Review: Bend it like Beckham is like curry

10 Jul 2002, 2050 hrs IST, IANS
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15588142-left- NEW DELHI: Bend it like Beckham is, in many ways, like Indian curry with extra masala topping.
Its rich, steamy flavour of tummy jiggling humour in a London corner, where Whites and Asians share fences, faux pas and fancies, is perhaps why Gurinder Chadha's film topped the British charts for weeks, grossing more than 11 million pounds.
Coexistence is the core ingredient, like spices in curry, of the two-hour film that is releasing here on July 12.
Like in the teeth-clenching irritations of the protagonist, Jaswinder (Jess) as she copes with the neo-orthodoxies of her Sikh family trying to keep alive its traditions, and her own obsession with football, and its chic poster-boy David Beckham.
"Everybody likes Beckham. No one can bend the ball like him," Jess says in the film.
Co-existence, for instance, in the friendship between Jess and the English Juliette, who bond like blood sisters, while kicking balls and otherwise.
And co-existence also in both their mothers who agonise on their marital prospects, lament their small breasts and fear that they are lesbians.
All of which, like the apprehensions of mothers usually are, turn out to be completely unfounded.
This is not, contrary to promos, an Asian angst film. Despite the liberal garnishing of stereotypes of religion, modesty and "good behaviour" there's no escaping that this is, basically, a British film.
Made by a Briton, for Britons. "No one assumed that because the film featured Asian characters that it would only appeal to Asian audiences," wrote Chadha in "Connecting", a British Council magazine in India.
She also wrote: "I was tired of 'issue films' about British Asians that only saw race and culture as a problem.
"I wanted to make a feel good comedy that authentically showed how people in a corner of West London live and truly captured the way both children and parents have to bend the rules to achieve their dreams."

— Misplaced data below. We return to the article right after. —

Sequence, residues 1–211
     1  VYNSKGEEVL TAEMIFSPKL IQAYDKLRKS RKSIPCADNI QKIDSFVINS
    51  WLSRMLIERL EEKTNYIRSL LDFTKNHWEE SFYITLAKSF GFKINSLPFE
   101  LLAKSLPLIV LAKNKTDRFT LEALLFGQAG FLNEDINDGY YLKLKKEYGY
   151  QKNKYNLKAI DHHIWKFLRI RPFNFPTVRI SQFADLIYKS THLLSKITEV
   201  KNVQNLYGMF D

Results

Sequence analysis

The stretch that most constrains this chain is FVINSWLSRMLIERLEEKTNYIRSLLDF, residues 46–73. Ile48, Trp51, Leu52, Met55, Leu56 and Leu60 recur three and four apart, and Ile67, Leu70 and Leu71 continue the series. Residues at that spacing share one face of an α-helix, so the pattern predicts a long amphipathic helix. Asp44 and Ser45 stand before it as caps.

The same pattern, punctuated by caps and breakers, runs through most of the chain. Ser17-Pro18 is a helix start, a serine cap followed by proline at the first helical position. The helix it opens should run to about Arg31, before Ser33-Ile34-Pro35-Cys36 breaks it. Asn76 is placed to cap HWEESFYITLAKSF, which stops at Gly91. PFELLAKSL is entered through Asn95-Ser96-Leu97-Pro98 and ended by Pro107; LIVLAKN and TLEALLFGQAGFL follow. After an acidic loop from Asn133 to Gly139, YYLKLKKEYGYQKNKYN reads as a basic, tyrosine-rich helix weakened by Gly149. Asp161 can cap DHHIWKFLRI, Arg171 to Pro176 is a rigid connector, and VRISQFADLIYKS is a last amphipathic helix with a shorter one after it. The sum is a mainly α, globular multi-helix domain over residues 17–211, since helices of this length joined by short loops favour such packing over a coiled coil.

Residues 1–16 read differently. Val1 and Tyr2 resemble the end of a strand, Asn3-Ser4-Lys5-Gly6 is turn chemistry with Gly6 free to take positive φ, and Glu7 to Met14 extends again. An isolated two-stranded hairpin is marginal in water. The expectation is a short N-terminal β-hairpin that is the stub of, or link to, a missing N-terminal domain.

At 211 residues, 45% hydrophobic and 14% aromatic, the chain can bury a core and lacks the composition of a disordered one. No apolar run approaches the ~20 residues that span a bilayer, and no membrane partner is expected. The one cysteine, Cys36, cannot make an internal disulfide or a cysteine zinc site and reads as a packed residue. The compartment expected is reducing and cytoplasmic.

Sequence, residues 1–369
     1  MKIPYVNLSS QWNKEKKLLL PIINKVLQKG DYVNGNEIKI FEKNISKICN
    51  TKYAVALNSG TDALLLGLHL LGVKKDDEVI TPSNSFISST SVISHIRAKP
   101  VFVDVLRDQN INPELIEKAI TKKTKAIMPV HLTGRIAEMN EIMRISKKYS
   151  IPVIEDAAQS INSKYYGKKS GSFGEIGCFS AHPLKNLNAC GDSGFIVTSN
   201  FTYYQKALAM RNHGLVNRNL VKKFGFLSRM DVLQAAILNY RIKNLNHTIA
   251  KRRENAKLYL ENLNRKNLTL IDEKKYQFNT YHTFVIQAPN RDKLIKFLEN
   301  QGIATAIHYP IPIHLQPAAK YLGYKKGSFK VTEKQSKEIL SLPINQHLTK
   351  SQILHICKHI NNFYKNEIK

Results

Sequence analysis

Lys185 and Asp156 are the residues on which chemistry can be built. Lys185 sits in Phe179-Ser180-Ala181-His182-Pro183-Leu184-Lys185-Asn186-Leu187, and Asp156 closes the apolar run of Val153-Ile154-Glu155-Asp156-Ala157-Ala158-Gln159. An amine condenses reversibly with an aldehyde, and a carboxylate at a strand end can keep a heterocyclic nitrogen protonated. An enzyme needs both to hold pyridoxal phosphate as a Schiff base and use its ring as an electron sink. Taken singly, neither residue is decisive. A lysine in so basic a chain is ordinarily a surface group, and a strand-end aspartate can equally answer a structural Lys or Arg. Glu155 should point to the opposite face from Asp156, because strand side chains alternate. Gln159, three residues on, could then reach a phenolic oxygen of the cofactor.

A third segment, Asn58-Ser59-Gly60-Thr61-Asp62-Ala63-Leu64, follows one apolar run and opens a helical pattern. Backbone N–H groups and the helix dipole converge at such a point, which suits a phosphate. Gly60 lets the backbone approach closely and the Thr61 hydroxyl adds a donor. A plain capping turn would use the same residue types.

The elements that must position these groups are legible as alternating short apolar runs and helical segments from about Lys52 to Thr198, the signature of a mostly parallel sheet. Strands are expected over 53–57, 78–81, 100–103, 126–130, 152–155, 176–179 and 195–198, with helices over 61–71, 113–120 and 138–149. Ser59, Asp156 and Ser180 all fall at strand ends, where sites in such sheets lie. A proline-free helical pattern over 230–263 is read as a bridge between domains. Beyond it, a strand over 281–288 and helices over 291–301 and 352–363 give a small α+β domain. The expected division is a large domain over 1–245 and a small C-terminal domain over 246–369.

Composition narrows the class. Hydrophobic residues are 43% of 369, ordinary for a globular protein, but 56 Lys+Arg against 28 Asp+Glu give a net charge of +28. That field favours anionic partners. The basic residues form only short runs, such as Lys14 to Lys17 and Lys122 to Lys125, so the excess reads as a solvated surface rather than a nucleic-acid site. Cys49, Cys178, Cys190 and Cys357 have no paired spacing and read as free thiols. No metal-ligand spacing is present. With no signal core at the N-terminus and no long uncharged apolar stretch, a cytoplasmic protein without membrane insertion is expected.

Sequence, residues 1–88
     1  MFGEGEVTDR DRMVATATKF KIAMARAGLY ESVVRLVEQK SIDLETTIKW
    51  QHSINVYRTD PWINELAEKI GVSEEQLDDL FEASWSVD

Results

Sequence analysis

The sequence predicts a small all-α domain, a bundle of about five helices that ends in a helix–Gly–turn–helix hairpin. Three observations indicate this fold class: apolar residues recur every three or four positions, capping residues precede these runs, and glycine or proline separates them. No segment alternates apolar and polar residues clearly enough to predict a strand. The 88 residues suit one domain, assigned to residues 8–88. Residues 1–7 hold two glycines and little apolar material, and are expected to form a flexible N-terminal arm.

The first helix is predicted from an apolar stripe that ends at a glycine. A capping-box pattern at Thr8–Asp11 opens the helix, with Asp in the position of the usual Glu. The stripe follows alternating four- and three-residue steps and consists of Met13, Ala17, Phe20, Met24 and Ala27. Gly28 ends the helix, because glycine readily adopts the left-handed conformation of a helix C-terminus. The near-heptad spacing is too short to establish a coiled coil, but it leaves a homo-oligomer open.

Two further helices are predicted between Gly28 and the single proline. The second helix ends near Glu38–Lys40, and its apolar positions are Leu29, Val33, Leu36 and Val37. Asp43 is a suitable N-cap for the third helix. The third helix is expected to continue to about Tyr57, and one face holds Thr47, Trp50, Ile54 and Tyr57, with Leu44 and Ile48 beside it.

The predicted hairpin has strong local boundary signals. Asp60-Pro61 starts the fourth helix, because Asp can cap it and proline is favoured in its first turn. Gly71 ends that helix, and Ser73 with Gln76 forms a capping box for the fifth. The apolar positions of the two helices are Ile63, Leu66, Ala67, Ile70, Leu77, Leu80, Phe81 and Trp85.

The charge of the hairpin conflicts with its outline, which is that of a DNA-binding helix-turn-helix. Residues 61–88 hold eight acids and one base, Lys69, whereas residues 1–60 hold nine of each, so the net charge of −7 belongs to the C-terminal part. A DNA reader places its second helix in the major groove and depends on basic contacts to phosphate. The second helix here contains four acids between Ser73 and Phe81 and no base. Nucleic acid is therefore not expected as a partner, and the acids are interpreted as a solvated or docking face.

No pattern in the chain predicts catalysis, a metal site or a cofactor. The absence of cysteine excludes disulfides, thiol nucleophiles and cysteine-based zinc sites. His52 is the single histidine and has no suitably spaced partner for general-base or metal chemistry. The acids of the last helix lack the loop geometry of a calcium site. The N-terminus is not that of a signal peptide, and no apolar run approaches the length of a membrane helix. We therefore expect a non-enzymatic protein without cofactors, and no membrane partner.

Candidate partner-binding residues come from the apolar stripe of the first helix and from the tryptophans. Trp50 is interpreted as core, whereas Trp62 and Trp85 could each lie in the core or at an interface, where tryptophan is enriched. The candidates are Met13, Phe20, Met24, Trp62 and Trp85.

"Bend It. . ." therefore is really about the bending of rules, social paradigms and lives -- all to finally curl that ball, bending it like Beckham, through the goalpost of ambition.
It about Jess' dad, subtly and beautifully played by Anupam Kher, once banned from playing cricket because of his turban. And whose prejudices surge strong even today as he tells Jess' Irish coach: "There are no Indian players in the men's side, do you think they'll let our women play?"
"But Nasir Hussain is our cricket captain. He is Indian!" retorts his indignant daughter.
"He is from a Muslim family, they are different," snaps her mother.
There it is -- the divide. Subtle, understated, but so very much there. Whether with Punjabis complaining that their neighbours were always "upset" about their (noisy) celebrations, or Jess' football coach saying he understood what it felt like to be called a "Paki" because he was Irish.
The creeping divide shows that Britain is changing, but hasn't quite changed yet.
The stiff upper lip has travelled miles from the time Chadha's father was denied a pint at some pubs at Southall, but like dollops of coagulated spice in badly stirred curry, discrimination crops up to spoil the taste, every now and then, in multi-racial Britain.
Chadha though is right in saying that her film is not only about "issues". It is about laughter, great mixing of Punjabi and Western music that includes everybody from Victoria Beckham, Bally Sagoo, Mel C, Nusrat Fateh Ali Khan and Bina Mistry.
It's about living and loving together. And you know that Britain has really bent towards the East, when Juliette's mother tells Jess to "teach her some of our culture, especially respecting your elders."
And, of course, the Hindi tattoo on Beckham's arm that spells "Victoria".

Gurinder Chada speaks about her movie
  Beckham has always been bigger than the game - with or without our film
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